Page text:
Making the Grade

I tried my hand at Haiku this week as my way of playfully counting down the days ’til the end of the school year, but I knew my fling with poetry wouldn’t last long. In fact, it didn’t even last a full week before I bid Haiku adieu.

Parting is such sweet sorrow. ~ William Shakespeare

This time of year always brings with it a mixed bag of feelings: joy, sadness, anxiety, expectancy, curiosity, surprise, and exhaustion. Most of us start this journey strong, but we need lots of fuel and rest to make it across the finish line with dignity. This year seemed to zip by as the busyness of this business kept me mired in paperwork, parent meetings, counseling sessions with the little people, courageous conversations with the big people — all the while trying to carve out time to do those things I love most — mentoring, visiting classrooms, coaching, celebrating successes, and building relationships. As I reflect on my performance each day, I realize that I’m a hard grader. I extend more grace to others than I do to myself sometimes. I’m getting better at cutting myself some slack. In fact, I missed a deadline this week, and I was fine with it. Missing a deadline or two doesn’t define me; it just means that I’m human, and I like being human.

A few weeks ago, my co-leaders and I met to plan our end-of-year meeting with our respective teams. We always draft an agenda with three or four bullet points to share with our folks. We include data, what we can do to support them, and any news from on high. This time one of my co-leaders suggested that we add something new to the agenda — our report card. I was comfortable with everything on the agenda except that. Why is that (you might ask)? Surely I’m used to being assessed on my effectiveness by now. We’ve been graded on one thing or another for most of our lives. We work so hard to achieve success, and ultimately, someone else’s perception of our work is what defines us for that year.

I remember getting my report card as a kid, and I was so cocky. My neighbors would always ask me Did you pass, Michelle? I would always respond, Of course! What a cocky little kid! If anyone had asked to see my conduct grade, I wouldn’t have been too willing to share that info. A grade of B or C in conduct was cause for celebration in my house.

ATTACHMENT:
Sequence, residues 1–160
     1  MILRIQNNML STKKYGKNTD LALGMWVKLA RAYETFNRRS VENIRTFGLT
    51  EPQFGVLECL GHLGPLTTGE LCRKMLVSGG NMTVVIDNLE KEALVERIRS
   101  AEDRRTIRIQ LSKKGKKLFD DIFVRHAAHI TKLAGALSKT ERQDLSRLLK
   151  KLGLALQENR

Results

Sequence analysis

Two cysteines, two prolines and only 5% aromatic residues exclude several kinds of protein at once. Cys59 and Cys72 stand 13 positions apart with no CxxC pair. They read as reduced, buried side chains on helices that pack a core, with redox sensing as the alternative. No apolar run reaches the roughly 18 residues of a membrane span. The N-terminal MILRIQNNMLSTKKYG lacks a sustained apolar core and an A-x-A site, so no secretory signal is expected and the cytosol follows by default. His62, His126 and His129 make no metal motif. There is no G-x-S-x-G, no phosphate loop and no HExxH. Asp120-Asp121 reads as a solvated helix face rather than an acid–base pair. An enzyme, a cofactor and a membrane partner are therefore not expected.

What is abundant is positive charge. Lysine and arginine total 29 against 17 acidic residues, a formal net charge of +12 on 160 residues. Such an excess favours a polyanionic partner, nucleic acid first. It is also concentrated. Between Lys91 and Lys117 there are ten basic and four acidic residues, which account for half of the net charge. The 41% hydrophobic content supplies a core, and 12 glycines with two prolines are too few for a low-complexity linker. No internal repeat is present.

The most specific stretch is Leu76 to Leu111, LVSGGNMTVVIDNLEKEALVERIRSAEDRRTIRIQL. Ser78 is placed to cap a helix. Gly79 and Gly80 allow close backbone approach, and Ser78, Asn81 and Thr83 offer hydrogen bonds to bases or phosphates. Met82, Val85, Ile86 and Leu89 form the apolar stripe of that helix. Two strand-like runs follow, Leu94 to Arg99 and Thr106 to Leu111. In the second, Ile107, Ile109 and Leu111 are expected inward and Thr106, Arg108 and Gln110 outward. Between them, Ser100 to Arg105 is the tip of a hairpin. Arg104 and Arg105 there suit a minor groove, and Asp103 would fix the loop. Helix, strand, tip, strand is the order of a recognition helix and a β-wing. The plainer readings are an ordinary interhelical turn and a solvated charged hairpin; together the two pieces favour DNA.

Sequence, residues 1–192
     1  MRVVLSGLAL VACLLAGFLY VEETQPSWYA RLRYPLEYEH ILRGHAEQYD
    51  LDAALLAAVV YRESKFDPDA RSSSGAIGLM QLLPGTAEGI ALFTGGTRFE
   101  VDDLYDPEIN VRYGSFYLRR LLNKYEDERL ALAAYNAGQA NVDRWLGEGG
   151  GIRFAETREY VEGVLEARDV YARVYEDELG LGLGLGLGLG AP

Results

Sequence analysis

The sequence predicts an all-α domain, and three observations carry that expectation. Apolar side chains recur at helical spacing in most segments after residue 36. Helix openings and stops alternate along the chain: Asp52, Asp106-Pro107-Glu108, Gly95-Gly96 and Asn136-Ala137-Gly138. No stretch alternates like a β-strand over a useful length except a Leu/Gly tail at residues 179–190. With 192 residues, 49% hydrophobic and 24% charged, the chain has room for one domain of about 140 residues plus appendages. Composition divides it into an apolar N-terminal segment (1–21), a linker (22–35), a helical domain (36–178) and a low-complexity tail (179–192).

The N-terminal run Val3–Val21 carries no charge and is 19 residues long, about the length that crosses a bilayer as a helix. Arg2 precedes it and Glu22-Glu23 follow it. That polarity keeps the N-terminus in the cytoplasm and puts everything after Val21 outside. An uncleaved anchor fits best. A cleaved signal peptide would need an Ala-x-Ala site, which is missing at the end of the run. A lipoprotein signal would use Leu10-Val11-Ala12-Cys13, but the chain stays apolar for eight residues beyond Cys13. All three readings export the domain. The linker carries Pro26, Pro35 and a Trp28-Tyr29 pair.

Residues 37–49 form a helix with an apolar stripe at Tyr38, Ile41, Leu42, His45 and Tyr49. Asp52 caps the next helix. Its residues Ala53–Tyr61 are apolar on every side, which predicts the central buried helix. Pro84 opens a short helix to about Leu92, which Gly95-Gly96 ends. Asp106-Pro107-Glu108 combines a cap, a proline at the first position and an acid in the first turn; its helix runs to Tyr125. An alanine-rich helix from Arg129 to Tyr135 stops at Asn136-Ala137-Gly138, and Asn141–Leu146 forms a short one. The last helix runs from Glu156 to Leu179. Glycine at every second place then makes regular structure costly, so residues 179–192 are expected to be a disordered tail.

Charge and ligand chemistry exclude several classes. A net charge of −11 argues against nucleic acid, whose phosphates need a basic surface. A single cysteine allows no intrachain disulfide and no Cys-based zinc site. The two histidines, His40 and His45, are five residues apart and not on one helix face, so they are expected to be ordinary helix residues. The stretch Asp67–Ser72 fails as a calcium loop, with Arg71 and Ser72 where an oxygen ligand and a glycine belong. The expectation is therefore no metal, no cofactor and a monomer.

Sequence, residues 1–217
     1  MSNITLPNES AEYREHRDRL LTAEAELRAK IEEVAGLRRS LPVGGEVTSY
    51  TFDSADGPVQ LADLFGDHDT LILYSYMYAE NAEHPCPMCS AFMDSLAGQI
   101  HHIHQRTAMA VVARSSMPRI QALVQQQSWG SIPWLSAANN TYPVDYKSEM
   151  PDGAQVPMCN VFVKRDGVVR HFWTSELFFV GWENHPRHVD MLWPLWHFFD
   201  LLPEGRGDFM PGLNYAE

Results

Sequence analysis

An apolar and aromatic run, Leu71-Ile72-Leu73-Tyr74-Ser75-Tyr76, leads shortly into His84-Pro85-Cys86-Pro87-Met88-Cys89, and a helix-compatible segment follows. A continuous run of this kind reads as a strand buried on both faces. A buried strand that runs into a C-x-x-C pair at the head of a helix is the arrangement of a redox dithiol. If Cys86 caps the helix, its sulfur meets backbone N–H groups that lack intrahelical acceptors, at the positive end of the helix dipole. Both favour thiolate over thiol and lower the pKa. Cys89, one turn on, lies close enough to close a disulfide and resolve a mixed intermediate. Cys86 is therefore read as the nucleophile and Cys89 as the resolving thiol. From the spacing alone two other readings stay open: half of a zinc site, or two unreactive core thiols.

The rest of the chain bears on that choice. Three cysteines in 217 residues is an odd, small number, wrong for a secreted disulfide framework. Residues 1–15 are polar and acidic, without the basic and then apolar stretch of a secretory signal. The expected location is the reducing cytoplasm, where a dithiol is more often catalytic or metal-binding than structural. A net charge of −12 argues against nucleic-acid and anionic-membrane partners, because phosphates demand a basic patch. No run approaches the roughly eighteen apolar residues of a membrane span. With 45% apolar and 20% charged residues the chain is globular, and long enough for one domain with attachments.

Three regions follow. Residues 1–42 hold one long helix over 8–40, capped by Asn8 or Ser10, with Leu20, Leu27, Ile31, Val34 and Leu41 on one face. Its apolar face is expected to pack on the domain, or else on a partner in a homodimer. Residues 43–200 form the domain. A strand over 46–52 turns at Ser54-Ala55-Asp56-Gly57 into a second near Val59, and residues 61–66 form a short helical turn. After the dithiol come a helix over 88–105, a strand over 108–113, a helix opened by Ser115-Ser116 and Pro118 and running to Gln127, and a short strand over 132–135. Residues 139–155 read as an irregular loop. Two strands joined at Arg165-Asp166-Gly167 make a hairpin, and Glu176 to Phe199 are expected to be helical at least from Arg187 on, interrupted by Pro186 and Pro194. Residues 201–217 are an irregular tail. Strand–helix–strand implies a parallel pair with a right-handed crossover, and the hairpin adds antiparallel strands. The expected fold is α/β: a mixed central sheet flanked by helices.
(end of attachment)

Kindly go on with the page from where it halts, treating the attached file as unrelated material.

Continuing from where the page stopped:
Reluctantly, I added the words “My Report Card” to the agenda — knowing this wasn’t about how much I knew. This was more like getting a grade for conduct. The best part about this assessment of my effectiveness is that I’ve been with this same group for nearly three years. If anyone in the building knows me, they do. I also know that they will be honest. As they completed my informal evaluation, they filed out silently — one by one. A couple stayed behind to chat as I gathered the pieces of paper that would define me for that year.

I left the room — unsorted report card comments in hand — being careful not to drop any as I walked the short distance to my office. I didn’t have time to sort them since the dismissal bell was about to ring, and I had to stop by the office to sign a few letters before heading outside.  I came back in after bus duty twenty minutes later and began to sort my fate into piles of pluses and deltas.

As I read each one, I realized that I wasted time fretting about My Report Card, knowing that my team would be fair and honest. I wasted time beating myself up about things I couldn’t make time for, knowing that my team would understand. I wasted time worrying that others would perceive me as lazy if they didn’t see me accumulating 10 – 15 thousand steps each day. The best use of my time that Monday was spent reading every assessment filled with memories I had long forgotten, successes I hadn’t taken time to savor, moments I mentored without realizing it, and thank you messages I was almost too full to read.

People may forget what you said, but they will never forget how you made them feel. 

~Carl W. Buehner

May everyone you encounter feel valued after leaving you. May your time with others bless you immensely. The last three years of my professional life have been filled with more than my fair share of joy, success, and friendship. For the first time in my life, I feel like I finally received a good conduct grade, and that’s still cause for celebration in my house.

Laissez le bontemps rouler, cher!

(Loose translation — Let the good times roll, baby!)

8 Thoughts

  1. Great post Michelle! We often don’t get to hear or see the impact we make on others so I am thankful that the Lord allowed you to savor those moments. I was just saying to a few friends that recently, when I have been at a few events with people who didn’t know me, I always left feeling that I wasn’t one of the ones who would be remembered. Yet, it is true that people don’t forget how you make them feel and the older I get, the more I desire for the impact I have on others to be a positive one, whether I spend 5 hours with them or 5 mins. More importantly, I desire for them to see the joy, love and peace emanating from One person who goes with me wherever I go. Keep make the grade for good conduct. I sure have been a beneficiary of it!

    1. It’s surprising when we do find out, perhaps third hand down the road, what an impact we have made with even a few minutes of an encounter, a small kindness or smile. It doesn’t take much. God can stretch what seems like a little thing to us into a mile of good fruit for someone else!

  2. What a grand idea – I think I’ll incorporate it at my Sunday School class! And one of my favorite quotes I’ve also heard attributed to Maya Angelou. Regardless of who said it first, truth is truth. A lovely post, Michelle!

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